3. What Really Matters
Think of values and things that will be personally very important to you and may interfere with certain careers. How much profit and gains do you want to make? Is doing something for the environment important to you? Do you want a nine-to-five desk job, something fast paced and on your feet or a studio or lab type setting? How do you want your work and life to balance out in relation to what you plan your family to be like in the future? How can you advance in this career? This will simply require a lot of thinking in relation to family, location, effect and commitment.
4. Take Personality Tests
I personally thought this would in no way, shape or form, help me; however, they ended up beng very eye-opening. Tests like the Strong Interest Inventory will analyze your passions, values, characteristics, strengths and weaknesses, and formulate charts determining whether or not there is a recurring theme in anything from artistic and social, to investigative and enterprising. The test will also predict your top ten occupations based on career interest areas. It also analyses your personal work style preferences. There are hundreds of similar tests out there like VIA Institute and StrengthsQuest that can define you in ways that maybe you never noticed, always knew about (but never deemed as a trait) or just surprise you!
5. Think Outside of the Box
Of course my career thoughts changed at the end of my senior year of high school after I had committed to a school for a program entirely not related, but I loved the school anyways and still wanted to go. This was a bit hard for me because I knew that there were not any majors on campus directly related to what I wanted to do. I knew I was interested in human nutrition, but that maybe the science path was not entirely the best for me. I know nutrition is a lot more than just biology, and so I never wanted to be a straight biology major. I think communications still seem interesting at the same time, and so I could possibly do relations for a company or health center. Somewhat connected, I am also very considerate of the environment, and so my school's science, technology and society program could provide a more holistic approach to a better understanding of the food that we put into our bodies. I know standing out in the professional world is a big deal, and so why not explore your options and create something a little unique?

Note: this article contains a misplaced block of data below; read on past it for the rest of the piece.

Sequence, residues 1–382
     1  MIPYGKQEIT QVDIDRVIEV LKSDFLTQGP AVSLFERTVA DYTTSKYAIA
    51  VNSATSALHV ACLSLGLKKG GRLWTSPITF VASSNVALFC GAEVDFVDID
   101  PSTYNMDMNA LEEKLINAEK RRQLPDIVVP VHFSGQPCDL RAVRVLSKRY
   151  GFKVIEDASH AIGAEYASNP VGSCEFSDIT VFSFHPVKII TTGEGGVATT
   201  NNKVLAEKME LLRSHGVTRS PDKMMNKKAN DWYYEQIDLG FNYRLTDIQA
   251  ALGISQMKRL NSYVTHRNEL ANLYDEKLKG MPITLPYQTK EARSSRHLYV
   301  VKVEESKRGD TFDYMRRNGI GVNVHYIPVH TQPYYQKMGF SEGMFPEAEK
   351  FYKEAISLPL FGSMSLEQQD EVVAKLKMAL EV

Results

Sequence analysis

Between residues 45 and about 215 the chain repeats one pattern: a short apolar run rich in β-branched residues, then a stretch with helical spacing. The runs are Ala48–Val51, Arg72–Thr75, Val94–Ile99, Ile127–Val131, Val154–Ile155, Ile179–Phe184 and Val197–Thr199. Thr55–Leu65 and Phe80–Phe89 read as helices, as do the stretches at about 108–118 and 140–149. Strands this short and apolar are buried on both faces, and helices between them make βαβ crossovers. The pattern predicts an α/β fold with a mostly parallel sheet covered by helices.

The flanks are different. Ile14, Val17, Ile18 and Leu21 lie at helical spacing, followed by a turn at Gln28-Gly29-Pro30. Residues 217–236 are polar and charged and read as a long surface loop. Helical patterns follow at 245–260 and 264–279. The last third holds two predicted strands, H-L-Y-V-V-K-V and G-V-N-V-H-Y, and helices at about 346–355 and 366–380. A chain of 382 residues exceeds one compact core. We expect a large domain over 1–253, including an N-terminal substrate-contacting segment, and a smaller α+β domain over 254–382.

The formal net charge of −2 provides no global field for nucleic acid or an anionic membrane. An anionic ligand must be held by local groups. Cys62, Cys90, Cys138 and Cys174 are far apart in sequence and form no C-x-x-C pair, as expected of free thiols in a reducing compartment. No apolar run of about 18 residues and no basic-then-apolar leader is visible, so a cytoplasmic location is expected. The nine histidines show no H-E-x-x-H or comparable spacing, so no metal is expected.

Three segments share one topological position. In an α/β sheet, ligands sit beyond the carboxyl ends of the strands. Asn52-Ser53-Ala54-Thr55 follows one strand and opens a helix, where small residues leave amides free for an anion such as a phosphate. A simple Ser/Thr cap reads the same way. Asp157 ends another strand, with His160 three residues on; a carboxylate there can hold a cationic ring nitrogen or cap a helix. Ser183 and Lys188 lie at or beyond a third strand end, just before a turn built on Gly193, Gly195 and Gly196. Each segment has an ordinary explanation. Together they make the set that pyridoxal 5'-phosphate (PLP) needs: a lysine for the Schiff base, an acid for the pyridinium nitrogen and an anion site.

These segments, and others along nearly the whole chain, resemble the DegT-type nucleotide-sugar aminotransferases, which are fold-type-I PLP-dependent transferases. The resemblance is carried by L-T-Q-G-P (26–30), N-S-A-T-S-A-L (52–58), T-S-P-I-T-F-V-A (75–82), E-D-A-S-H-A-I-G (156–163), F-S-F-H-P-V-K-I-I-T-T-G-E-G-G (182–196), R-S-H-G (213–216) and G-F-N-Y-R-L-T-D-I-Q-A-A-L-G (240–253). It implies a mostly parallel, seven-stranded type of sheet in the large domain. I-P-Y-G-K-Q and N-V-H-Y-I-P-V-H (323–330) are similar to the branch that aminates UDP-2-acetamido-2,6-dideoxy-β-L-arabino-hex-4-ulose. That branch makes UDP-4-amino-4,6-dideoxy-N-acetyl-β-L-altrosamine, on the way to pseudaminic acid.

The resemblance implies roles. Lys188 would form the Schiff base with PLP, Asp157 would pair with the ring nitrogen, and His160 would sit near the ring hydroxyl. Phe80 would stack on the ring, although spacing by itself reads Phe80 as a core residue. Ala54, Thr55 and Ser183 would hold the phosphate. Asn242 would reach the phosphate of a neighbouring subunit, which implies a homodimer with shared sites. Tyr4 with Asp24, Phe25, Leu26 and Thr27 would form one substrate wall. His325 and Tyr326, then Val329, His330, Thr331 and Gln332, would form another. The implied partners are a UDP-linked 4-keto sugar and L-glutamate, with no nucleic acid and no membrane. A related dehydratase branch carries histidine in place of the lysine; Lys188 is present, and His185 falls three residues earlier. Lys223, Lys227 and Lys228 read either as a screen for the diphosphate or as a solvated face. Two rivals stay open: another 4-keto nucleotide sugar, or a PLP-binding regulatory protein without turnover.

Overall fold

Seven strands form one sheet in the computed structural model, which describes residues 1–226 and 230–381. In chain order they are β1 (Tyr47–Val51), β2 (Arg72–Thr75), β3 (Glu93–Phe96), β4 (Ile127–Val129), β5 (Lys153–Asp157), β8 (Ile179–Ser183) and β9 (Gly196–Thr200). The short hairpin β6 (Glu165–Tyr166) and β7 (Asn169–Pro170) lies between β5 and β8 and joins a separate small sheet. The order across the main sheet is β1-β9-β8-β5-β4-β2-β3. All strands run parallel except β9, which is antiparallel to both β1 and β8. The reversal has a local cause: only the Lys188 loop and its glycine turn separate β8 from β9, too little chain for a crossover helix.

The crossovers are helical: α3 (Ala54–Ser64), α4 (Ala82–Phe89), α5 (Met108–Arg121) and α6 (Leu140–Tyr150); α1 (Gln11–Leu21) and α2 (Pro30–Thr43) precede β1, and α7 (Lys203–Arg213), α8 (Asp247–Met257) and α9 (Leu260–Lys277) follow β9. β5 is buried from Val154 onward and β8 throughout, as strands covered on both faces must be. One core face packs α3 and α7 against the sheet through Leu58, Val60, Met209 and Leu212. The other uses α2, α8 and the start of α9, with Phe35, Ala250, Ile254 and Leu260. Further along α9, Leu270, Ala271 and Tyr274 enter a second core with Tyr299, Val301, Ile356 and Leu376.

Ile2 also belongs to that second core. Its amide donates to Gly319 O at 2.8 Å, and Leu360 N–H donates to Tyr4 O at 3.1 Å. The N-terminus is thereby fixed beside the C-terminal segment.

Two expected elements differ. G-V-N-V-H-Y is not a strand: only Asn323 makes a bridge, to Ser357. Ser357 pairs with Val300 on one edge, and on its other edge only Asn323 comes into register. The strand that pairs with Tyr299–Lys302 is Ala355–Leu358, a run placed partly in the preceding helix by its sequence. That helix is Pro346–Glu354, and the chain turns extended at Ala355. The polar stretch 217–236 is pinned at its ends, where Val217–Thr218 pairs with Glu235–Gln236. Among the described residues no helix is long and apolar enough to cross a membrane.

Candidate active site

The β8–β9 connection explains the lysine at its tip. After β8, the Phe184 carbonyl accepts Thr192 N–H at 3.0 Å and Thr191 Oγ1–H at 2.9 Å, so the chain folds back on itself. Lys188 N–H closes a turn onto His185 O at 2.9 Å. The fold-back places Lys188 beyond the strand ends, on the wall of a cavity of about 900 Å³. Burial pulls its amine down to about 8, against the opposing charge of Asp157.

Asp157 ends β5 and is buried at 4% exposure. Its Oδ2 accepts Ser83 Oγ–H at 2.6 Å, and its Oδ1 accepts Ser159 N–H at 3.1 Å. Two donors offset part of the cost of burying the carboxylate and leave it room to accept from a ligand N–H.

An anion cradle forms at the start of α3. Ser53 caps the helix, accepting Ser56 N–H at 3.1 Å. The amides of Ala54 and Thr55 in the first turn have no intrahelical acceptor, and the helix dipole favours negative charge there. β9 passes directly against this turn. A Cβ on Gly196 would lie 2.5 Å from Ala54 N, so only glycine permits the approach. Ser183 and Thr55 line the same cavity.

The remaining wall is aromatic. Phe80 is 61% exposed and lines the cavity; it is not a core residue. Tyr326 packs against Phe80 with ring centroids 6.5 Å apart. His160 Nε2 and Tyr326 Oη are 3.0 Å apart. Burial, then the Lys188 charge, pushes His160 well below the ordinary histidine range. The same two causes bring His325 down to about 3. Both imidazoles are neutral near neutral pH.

Don't forget that I am in your same shoes. I know it is tiresome to constantly be told that you have time and that everything will work out in the end. You may begin to think that things actually never will work out. Trust me — although I am still not declared, I am slowly coming to some conclusions and figuring things out. I just think it takes a little work, research and willingness to share your interests will every professor and student you meet to be able to utilize your options. Just take things a day at a time and stay open to all progresses and defeats.
Lead Image Credit: Global Studies via Flickr Commons